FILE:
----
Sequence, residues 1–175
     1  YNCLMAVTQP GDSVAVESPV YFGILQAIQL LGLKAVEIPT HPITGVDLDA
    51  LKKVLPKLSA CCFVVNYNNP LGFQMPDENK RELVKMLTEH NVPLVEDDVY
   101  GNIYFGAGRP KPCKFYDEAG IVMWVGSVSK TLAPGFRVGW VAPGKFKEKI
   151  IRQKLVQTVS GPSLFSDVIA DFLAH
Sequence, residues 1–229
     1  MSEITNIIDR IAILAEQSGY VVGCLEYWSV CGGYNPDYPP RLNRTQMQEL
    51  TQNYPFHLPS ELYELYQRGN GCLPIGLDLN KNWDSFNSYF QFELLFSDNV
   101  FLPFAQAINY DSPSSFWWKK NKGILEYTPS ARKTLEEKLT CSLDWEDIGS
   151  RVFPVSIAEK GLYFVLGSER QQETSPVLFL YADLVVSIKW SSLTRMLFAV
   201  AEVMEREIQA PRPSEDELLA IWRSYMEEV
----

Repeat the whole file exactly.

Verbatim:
Sequence, residues 1–175
     1  YNCLMAVTQP GDSVAVESPV YFGILQAIQL LGLKAVEIPT HPITGVDLDA
    51  LKKVLPKLSA CCFVVNYNNP LGFQMPDENK RELVKMLTEH NVPLVEDDVY
   101  GNIYFGAGRP KPCKFYDEAG IVMWVGSVSK TLAPGFRVGW VAPGKFKEKI
   151  IRQKLVQTVS GPSLFSDVIA DFLAH
Sequence, residues 1–229
     1  MSEITNIIDR IAILAEQSGY VVGCLEYWSV CGGYNPDYPP RLNRTQMQEL
    51  TQNYPFHLPS ELYELYQRGN GCLPIGLDLN KNWDSFNSYF QFELLFSDNV
   101  FLPFAQAINY DSPSSFWWKK NKGILEYTPS ARKTLEEKLT CSLDWEDIGS
   151  RVFPVSIAEK GLYFVLGSER QQETSPVLFL YADLVVSIKW SSLTRMLFAV
   201  AEVMEREIQA PRPSEDELLA IWRSYMEEV